How do you become a millionaire?
Start with a billion pounds then launch an airline.
The joke attributed to Sir Richard Branson, of Virgin Atlantic fame and fortune, goes some way to convey how difficult it is to run a profitable airline.
Between oil prices, delays and disruption and a fiercely competitive marketplace, air travel may seem like big business but it is notoriously tough.
That said, it’s not all scraping a living. New analysis by aviation experts OAG has highlighted the specific routes on which some of the world’s biggest airlines make their money – and it’s a lot of money.
The single route that earned the most revenue in the 12 months to March 2019 was British Airways’ flights between London Heathrow and New York JFK, banking more than $1.15billion ($A1.7bn): that’s nearly 5 per cent of the entire annual revenue of IAG, which owns BA. The route was the first ever to earn more than a billion dollars for an airline, and remains alone in the achievement.
The sum is more than twice the GDP of Tonga.
OAG says more than 30 per cent of the seats on the route are in either first or business class, making it clear where the value lies.
The second most lucrative route was a domestic flight: Qantas’ services between Melbourne and Sydney, earning the Australian airline $861m a year. The sum is all the more remarkable given the 90-minute flight is flown on small 737 planes, with only 174 seats, just 12 business class.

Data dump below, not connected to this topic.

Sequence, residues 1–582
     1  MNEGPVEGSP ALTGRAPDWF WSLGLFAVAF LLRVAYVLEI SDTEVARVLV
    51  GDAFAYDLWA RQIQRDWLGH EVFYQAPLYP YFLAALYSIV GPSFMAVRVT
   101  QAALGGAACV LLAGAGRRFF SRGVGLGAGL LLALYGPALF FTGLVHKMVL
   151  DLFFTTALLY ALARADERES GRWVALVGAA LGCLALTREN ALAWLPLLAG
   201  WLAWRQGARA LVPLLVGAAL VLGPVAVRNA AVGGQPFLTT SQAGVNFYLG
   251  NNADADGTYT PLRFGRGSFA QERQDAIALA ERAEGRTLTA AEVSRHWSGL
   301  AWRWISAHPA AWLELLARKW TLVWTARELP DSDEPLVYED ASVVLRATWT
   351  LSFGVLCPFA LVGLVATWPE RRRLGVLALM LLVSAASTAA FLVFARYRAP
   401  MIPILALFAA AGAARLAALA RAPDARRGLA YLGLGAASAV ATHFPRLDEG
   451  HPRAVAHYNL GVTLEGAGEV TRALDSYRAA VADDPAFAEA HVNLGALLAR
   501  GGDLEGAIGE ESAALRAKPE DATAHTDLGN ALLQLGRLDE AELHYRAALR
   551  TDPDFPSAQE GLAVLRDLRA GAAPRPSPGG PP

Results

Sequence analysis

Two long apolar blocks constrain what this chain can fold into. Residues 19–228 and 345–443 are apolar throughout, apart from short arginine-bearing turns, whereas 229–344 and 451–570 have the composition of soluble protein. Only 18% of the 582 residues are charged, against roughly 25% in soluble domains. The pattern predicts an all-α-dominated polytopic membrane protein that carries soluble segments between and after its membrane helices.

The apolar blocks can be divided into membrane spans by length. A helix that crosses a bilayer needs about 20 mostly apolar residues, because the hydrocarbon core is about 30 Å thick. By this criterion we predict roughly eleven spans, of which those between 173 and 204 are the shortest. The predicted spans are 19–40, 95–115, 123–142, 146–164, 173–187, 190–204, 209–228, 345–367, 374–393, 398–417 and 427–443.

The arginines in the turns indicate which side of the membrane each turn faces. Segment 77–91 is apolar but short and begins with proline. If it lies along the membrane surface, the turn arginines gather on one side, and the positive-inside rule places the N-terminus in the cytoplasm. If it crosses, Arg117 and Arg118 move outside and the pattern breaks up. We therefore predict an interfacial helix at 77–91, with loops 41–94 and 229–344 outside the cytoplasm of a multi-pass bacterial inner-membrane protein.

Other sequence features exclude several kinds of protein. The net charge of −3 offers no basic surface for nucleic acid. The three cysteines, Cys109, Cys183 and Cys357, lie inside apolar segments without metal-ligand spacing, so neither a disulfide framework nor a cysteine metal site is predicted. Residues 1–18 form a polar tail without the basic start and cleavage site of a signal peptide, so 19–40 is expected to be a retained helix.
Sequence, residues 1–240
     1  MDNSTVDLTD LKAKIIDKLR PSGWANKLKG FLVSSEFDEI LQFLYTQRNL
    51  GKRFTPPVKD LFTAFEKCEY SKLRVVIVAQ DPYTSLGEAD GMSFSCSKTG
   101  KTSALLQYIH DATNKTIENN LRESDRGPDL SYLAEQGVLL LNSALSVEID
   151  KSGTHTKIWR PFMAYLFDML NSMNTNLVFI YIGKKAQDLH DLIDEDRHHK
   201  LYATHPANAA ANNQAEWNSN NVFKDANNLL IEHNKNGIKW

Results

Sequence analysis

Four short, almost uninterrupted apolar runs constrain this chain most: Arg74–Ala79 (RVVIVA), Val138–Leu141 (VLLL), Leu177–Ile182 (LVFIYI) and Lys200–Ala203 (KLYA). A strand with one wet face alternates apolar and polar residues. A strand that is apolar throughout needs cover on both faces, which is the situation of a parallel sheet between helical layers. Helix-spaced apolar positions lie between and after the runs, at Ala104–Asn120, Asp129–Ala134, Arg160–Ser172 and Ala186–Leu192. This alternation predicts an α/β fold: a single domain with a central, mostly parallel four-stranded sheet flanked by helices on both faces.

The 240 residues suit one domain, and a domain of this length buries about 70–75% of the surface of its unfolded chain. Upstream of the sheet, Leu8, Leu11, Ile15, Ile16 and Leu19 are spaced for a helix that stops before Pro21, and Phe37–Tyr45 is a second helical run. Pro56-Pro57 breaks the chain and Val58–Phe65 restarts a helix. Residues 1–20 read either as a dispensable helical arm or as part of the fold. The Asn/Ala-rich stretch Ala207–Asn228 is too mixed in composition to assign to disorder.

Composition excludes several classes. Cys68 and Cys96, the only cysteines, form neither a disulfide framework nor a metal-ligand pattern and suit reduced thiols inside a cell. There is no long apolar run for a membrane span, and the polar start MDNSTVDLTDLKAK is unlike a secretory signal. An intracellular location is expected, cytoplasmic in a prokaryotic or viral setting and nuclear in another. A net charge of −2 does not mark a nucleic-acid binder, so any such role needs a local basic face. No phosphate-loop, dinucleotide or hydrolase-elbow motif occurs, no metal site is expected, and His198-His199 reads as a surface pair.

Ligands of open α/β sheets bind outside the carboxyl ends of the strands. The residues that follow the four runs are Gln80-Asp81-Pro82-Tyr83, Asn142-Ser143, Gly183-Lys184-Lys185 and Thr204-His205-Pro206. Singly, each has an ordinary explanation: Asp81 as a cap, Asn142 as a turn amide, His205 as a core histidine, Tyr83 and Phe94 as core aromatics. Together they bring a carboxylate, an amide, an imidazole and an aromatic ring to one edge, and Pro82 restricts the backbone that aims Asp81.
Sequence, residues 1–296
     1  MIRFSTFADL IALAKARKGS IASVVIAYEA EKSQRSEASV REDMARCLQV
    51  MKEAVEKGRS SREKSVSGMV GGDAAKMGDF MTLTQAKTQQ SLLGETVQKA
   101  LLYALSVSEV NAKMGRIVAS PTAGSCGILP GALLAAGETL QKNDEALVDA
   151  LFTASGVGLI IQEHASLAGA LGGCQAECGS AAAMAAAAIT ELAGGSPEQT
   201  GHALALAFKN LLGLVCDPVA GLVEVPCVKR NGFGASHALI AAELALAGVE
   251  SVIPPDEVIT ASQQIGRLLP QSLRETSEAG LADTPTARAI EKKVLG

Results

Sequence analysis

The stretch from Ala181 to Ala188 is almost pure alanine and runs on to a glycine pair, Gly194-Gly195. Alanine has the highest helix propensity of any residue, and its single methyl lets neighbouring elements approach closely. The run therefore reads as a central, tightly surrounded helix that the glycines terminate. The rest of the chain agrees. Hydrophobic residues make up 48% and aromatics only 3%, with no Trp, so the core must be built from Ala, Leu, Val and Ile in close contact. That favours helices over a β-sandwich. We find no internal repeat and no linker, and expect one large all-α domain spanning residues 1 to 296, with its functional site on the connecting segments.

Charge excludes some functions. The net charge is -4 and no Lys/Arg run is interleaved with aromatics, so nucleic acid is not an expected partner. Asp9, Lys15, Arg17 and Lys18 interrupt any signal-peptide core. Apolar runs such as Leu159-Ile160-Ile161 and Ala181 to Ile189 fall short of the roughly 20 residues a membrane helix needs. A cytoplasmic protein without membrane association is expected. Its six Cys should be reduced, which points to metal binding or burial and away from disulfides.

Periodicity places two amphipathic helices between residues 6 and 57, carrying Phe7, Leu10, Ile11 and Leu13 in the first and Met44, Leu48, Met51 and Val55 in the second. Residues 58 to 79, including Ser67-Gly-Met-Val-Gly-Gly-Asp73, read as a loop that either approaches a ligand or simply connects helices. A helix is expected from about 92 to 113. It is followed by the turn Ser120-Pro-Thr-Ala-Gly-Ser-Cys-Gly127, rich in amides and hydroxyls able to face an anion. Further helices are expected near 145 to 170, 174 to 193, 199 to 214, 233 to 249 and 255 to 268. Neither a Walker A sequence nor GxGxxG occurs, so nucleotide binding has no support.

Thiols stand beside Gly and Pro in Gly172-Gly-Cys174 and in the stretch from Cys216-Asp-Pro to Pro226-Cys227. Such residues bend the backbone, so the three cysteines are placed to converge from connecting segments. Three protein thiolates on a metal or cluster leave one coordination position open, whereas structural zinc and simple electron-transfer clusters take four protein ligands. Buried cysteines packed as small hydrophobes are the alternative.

In third place, raking in $796m in revenue a year for Emirates is the airline’s services between London Heathrow and Dubai.
Singapore Airlines is the only carrier to have two routes in the top 10, one between London and Singapore, earning $735m, and the other between Singapore and Sydney, banking $549m. Five of the top 10 were domestic services, with three in the US.
“For every airline there are a small selection of lucrative routes where either competitive advantage, market circumstances or limited competition make for very attractive revenues; they are the routes that are ‘protected’ at all costs,” said analyst John Grant.
OAG said the top 10 this year is unchanged from last.
Grant said: “Our analysis suggests that there is unlikely to be any great movement either in or out of these tables in the next few years until capacity becomes available and then of course at both ends of the route which for many of these airlines will ensure their status for some time.”
Does this mean that British Airways’ Heathrow to JFK is the busiest route in the world? Far from it. According to analysis by OAG earlier in the year, the flight doesn’t make the top 10.
The most crowded flight path on Earth is actually the 280-mile hop from Seoul Gimpo to Jeju International, for the popular holiday destination of Jejudo, South Korea’s answer to Hawaii.
A staggering 76,460 flights travelled between the two airports in 2018; by comparison, just over 14,000 flew between London Heathrow and New York’s JFK. Seven airlines ply the route: Asiana Airlines, Jeju Airlines, Korean Air, Jin Air, T’way Air, Eastar Jet and Air Busan.
Melbourne-Sydney was, however, second busiest – as well as the second highest earning – with 54,102 departures. Europe’s busiest service is Barcelona-Madrid, with 18,812 flights last year; Latin America’s is Lima-Santiago (10,369).
The most oversubscribed long-haul route is New York JFK to San Francisco, with 15,587 flights in 2018.
Revenue earned on route, by airline, in millions ($), 2018/19
JFK to Heathrow (BA) – 1,159
Melbourne to Sydney (Qantas) – 861
Dubai to Heathrow (Emirates) – 796
Heathrow to Singapore (Singapore Airlines) – 735
San Francisco to Newark (United) – 689
Los Angeles to JFK (American) – 661
Heathrow to Doha (Qatar) – 639
Hong Kong to Heathrow (Cathay Pacific) – 604
Sydney to Singapore (Singapore Airlines) – 549
Toronto to Vancouver (Air Canada) – 541
The Telegraph, London